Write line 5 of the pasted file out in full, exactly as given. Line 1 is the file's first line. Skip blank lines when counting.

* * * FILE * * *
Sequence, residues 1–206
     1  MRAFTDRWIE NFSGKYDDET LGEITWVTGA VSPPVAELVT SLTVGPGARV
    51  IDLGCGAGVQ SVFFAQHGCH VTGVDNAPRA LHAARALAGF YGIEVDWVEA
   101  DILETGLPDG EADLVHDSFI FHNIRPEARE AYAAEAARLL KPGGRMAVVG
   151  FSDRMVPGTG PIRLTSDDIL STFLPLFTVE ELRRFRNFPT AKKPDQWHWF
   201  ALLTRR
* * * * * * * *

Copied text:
   151  FSDRMVPGTG PIRLTSDDIL STFLPLFTVE ELRRFRNFPT AKKPDQWHWF